Police tighten Congress security in era of rising threats

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In this Saturday, Jan. 23, 2021 photo, riot fencing and razor wire reinforce the security zone on Capitol Hill in Washington. (AP Photo/Eileen Putman)

WASHINGTON – The House’s chief law enforcement officer is tightening security for traveling lawmakers as Congress reassesses safety in an era when threats against members were surging even before Donald Trump’s supporters attacked the Capitol.

Capitol Police officers will be stationed at Washington-area airports and the city’s Union Station train depot on busy travel days, the acting House sergeant at arms said in a memo obtained Friday. Timothy P. Blodgett said he’s set up an online portal so lawmakers can notify the agency about travel plans, and he urged them to coordinate trips with local police and airport officials and report suspicious activity to authorities.

Capitol Police “will not be available for personal escorts,” said the email, sent late Thursday. “However, they will be in place to monitor as members move through the airport.”

The steps underscored political divisions that grew increasingly acrid, even potentially dangerous, during Trump's invective-filled four years as president. In addition to personal verbal attacks against perceived foes, Trump stirred up supporters with relentless streams of bogus conspiracies like his false charge that Democrats stole November's election from him.

The animosity lawmakers face has spread among themselves, with numerous Democrats saying they are wary of GOP colleagues who've said they carry guns in Washington. Republicans have bristled at new screening devices installed by House Speaker Nancy Pelosi, D-Calif., that lawmakers are required to pass through when entering the House chamber, where carrying firearms is not allowed.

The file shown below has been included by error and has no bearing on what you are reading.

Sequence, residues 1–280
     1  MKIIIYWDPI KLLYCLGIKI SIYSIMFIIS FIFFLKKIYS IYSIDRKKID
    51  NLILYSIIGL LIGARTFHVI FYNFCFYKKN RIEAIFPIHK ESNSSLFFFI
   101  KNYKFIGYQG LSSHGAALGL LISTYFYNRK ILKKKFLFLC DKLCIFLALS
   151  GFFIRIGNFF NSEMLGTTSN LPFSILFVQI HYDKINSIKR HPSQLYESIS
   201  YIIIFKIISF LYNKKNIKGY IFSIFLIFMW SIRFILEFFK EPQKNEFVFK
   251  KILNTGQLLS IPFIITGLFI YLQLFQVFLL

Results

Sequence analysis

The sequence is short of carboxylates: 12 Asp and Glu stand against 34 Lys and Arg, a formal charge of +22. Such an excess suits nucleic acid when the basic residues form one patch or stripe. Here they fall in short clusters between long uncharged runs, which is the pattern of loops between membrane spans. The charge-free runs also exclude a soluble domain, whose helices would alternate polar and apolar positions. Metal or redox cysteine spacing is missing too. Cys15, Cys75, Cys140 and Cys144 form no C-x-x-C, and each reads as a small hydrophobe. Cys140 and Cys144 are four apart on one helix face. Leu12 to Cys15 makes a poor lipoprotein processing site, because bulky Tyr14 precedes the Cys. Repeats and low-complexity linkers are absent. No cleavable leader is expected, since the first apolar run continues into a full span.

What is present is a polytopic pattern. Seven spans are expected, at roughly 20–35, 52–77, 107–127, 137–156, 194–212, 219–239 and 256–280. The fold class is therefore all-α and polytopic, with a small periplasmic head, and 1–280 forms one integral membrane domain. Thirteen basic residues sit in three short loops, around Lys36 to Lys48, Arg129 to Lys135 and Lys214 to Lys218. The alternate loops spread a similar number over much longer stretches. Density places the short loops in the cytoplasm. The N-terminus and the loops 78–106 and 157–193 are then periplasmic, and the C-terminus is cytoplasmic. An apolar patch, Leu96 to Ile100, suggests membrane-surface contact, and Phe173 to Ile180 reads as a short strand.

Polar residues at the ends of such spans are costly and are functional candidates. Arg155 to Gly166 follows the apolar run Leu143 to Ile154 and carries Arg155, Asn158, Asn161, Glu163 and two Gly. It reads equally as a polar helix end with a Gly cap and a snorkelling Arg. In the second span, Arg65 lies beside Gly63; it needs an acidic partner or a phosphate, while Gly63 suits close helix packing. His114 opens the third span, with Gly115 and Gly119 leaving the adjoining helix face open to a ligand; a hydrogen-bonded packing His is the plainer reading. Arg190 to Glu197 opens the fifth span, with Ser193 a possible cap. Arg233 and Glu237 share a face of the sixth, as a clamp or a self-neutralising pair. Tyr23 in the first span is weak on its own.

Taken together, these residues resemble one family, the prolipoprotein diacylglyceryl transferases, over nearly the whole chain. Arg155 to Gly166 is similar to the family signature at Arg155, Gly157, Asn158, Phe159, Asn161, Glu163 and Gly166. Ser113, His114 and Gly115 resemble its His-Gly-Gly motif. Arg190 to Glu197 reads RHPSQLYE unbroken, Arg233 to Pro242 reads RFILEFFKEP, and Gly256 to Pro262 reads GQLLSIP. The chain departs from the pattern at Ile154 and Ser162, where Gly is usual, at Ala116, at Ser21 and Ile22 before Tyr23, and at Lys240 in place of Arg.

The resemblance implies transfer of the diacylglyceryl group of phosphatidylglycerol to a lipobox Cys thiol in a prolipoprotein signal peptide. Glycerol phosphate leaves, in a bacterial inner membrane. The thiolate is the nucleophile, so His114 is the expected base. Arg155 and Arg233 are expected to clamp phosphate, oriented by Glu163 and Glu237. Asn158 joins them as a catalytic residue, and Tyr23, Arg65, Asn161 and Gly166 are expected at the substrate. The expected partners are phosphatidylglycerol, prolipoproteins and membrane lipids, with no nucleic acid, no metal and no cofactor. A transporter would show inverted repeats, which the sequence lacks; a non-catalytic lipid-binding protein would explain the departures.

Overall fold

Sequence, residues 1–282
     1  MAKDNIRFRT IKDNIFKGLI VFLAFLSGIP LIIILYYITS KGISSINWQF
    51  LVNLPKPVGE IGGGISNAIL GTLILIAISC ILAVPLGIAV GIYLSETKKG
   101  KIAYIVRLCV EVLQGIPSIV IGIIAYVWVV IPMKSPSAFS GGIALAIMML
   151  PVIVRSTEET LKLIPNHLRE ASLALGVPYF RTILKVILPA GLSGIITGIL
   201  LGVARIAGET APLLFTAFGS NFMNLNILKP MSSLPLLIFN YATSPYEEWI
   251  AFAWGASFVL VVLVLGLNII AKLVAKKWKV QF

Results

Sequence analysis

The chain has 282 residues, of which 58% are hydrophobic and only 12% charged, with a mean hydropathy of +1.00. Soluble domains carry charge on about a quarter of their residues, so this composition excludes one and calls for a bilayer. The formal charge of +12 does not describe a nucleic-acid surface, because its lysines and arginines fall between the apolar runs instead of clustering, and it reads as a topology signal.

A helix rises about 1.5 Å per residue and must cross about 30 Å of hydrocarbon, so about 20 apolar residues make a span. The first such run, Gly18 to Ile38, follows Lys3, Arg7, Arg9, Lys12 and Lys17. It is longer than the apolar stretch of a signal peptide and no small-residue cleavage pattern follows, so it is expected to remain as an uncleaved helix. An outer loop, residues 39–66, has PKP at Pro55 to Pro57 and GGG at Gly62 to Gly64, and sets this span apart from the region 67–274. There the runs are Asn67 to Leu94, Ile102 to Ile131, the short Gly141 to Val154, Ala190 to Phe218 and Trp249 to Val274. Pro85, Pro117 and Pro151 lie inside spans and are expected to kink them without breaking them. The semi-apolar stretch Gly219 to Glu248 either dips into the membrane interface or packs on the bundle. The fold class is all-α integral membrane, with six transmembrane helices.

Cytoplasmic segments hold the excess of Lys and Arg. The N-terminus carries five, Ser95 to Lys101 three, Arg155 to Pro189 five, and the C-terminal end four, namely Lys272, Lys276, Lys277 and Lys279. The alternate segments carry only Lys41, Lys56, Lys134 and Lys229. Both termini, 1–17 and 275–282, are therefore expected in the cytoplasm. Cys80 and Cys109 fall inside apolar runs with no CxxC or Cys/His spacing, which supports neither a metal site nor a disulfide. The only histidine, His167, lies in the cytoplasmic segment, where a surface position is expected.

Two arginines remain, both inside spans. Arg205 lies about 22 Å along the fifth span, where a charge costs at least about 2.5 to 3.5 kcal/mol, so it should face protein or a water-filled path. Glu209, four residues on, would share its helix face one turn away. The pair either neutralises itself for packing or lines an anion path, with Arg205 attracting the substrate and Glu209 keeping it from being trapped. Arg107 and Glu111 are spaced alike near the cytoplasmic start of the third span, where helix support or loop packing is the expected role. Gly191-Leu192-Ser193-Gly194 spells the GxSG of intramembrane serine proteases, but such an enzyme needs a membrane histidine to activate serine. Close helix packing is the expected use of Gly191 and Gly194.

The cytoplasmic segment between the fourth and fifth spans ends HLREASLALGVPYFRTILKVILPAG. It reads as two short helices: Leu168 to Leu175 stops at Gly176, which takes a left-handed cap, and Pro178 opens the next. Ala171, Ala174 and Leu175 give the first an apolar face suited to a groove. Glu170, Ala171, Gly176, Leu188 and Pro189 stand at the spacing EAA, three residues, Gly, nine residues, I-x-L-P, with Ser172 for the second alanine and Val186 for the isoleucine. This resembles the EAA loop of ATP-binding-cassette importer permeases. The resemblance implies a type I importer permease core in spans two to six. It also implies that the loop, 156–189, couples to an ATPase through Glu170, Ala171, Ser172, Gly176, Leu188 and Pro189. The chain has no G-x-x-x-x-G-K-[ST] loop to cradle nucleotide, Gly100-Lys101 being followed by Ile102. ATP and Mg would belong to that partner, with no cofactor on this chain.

“The enemy is within the House of Representatives,” Pelosi told reporters this week in a chilling characterization of Congress' internal tensions. She cited "members of Congress who want to bring guns on the floor and have threatened violence on other members of Congress.”

In the latest instance of Capitol Hill's spiraling personal hostility, Rep. Cori Bush, D-Mo., tweeted Friday that she was moving her office away from that of fellow freshman Rep. Marjorie Taylor Greene, R-Ga., “for my team’s safety.” Bush wrote that a maskless Greene and her staff “berated me in a hallway,” and wrote later that past Greene tweets have made her feel unsafe.

Greene responded with a tweet of her own saying Bush was lying and that “She berated me,” posting video of the exchange. Greene, who has a history of incendiary social media posts, also described Bush, who is Black, as the leader of a “terrorist mob” of Black Lives Matter demonstrators. Greene has drawn fire for past social media posts reported by various news organizations in which she’s suggested support for killing Democratic politicians, unfounded QAnon theories and racist views.